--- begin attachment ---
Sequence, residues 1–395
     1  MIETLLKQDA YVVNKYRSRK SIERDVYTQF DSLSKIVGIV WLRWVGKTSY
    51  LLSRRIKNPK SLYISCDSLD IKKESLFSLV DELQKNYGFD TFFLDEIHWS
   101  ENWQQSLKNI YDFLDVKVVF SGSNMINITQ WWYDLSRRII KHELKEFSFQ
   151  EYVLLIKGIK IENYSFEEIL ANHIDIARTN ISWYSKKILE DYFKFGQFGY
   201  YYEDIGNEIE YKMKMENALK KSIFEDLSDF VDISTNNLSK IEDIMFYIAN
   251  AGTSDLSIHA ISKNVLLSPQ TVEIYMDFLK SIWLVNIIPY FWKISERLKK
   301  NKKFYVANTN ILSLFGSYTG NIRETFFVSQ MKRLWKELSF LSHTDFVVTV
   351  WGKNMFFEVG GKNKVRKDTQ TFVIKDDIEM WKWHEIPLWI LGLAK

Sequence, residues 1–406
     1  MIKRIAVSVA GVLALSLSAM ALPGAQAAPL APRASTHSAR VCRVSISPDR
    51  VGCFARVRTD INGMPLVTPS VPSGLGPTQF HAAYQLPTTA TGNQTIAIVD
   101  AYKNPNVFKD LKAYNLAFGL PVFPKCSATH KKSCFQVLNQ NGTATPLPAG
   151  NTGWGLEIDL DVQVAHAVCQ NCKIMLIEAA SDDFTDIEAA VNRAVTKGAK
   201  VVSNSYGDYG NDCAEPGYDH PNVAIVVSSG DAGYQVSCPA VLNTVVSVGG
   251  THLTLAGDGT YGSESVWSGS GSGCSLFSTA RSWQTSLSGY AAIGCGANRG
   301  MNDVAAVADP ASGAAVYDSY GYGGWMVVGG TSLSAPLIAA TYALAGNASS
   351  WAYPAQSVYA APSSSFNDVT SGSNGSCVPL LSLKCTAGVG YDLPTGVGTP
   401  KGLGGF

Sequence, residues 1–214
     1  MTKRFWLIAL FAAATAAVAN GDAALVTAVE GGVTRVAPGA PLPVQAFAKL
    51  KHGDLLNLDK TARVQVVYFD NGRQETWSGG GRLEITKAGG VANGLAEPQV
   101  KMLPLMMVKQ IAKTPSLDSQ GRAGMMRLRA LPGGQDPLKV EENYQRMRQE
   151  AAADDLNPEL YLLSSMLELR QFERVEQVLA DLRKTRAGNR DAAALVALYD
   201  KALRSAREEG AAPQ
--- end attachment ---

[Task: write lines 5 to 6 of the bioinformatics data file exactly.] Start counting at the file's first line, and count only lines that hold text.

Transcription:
   151  EYVLLIKGIK IENYSFEEIL ANHIDIARTN ISWYSKKILE DYFKFGQFGY
   201  YYEDIGNEIE YKMKMENALK KSIFEDLSDF VDISTNNLSK IEDIMFYIAN